URL Blacklist: What it Means & How to Fix It

Got your Website blacklisted and do not know what next to do? Here is everything you need to know about URL blacklisting.

A URL blacklist is a common occurrence on the Internet and it happens once a web authority suspects a website of engaging in malicious activity.

URL blacklisting is a measure that tries to make the web a safer place for the average user. Since most users are unaware of the dangers that lurk out there.

If any website is found to engage in malicious activity, the web authority will promptly blacklist the site. Such malicious activities include malware distribution, phishing, and other dishonest tactics.

This post takes a closer look at the practice to show you exactly how it happens. Plus, it looks at what you can do to prevent your site from getting blacklisted and suffering its many consequences.

What is URL Blacklisting?

URL blacklisting simply means the inclusion of a URL (a web address or Uniform Resource Locator) in a list of potentially harmful web addresses. This list forms part of a security platform to help protect users from the dangers of the Internet.

URL blacklisting can also occur for other reasons, such as when enterprises limit certain web addresses that hamper the productivity of their employees. However, this post looks at general blacklisting for security purposes.

Web authorities help the general population by making their database available to browsers. So, once you request a webpage, your web browser queries the security database to see if that URL is safe or not. And when the URL is blacklisted, the browser tries to warn or stop you from visiting it.

Indications of a Blacklisted Site

The major indicator of having a blacklisted web property is significantly reduced traffic. If you notice an over 80% sudden drop in organic traffic to your site, then you have either lost search engine rankings or your site got blacklisted.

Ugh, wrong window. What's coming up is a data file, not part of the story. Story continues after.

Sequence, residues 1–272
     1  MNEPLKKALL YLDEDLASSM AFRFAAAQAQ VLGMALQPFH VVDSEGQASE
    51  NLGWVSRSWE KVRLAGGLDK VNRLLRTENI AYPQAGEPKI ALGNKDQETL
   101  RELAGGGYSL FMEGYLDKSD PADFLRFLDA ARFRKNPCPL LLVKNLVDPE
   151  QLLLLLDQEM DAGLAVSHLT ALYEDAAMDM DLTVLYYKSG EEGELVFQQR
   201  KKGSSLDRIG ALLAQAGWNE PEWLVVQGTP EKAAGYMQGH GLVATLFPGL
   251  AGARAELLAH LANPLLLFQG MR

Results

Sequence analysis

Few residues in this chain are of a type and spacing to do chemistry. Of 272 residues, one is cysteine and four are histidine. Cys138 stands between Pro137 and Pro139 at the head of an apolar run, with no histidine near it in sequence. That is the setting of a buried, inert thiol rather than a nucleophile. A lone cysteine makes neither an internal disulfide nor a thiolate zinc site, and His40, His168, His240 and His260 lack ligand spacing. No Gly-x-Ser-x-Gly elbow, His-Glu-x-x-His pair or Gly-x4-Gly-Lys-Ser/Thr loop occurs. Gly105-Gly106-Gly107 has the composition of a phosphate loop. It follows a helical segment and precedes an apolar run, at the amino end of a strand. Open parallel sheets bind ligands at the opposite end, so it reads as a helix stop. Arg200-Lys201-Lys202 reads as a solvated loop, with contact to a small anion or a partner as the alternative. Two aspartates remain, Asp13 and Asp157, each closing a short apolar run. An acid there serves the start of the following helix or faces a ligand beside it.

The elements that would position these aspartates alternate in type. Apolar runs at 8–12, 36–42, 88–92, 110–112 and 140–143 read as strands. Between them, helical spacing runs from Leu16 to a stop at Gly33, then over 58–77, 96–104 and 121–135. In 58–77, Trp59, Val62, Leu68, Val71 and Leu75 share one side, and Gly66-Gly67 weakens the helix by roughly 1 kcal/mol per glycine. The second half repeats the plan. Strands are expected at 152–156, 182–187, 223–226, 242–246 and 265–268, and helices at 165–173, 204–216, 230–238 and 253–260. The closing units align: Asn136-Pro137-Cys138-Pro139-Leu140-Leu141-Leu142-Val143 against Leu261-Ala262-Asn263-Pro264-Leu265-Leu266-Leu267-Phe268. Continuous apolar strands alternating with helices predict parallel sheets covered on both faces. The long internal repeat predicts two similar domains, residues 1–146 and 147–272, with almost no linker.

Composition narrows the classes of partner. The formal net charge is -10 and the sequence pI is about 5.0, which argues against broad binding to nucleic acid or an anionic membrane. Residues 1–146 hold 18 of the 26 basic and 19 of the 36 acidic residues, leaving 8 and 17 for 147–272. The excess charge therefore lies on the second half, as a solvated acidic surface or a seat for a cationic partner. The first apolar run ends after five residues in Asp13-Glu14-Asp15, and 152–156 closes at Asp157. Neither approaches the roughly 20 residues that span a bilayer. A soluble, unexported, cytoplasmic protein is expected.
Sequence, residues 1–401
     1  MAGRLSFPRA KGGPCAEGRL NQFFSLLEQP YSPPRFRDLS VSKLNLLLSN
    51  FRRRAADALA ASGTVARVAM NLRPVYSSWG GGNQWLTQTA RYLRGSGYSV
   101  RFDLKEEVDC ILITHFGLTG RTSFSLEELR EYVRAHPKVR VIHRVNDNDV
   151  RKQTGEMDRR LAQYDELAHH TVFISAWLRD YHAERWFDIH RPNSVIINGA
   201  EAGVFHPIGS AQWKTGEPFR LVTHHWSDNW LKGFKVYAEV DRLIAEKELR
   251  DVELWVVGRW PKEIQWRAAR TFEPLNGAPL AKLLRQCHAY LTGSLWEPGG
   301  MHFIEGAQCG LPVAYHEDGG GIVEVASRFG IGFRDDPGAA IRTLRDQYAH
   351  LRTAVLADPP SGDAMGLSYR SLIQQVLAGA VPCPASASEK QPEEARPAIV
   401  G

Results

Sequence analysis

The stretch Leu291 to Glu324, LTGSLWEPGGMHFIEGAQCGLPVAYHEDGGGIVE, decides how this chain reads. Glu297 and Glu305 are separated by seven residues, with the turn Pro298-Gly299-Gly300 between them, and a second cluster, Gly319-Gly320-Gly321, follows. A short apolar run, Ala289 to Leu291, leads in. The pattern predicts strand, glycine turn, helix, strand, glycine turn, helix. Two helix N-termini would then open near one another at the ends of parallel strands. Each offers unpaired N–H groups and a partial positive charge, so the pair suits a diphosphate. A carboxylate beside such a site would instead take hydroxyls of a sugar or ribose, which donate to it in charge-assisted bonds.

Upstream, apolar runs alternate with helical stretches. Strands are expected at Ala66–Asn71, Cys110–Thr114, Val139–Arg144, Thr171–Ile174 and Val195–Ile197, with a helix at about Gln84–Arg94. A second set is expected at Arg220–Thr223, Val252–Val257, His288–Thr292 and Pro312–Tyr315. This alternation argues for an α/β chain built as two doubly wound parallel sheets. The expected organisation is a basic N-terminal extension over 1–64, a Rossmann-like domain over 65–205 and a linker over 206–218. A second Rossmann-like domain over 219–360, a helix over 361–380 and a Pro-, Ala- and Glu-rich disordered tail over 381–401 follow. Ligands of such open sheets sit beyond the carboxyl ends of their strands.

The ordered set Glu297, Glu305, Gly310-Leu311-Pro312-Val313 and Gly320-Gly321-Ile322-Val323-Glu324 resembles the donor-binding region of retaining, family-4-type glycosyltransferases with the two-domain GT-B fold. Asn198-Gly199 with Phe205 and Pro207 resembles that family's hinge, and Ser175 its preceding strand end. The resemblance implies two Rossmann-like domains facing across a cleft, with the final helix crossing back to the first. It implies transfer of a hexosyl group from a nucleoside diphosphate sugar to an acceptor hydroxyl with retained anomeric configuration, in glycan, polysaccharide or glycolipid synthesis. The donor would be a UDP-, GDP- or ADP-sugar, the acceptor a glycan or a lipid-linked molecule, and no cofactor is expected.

Another way to be certain that you have a blacklisted site is to check the site’s status with the relevant web authorities. This includes querying the Google Safe Browsing tool, among others.

Finally, frequent cybersecurity scans can point out infections and other issues on the website that might sooner or later, get the property blacklisted.

Causes of Website Blacklisting

Many activities can lead to your website getting blacklisted. The goal for web authorities is to secure the users’ devices, maintain their privacy, and offer a good user experience.

Following is a closer look at the major reasons that can cause your website to get blacklisted.

  • A Hacked Website – If your website gets hacked and major web platforms find out, then they will de-list the address. While most professional hackers try to maintain a low profile while keeping their eyes on the prize.

    More juvenile hackers often try to draw attention to their exploits to earn some praise. The goal, therefore, is to regularly use a professional service to monitor malicious activity against your site, especially when it is a huge operation. Because you never know.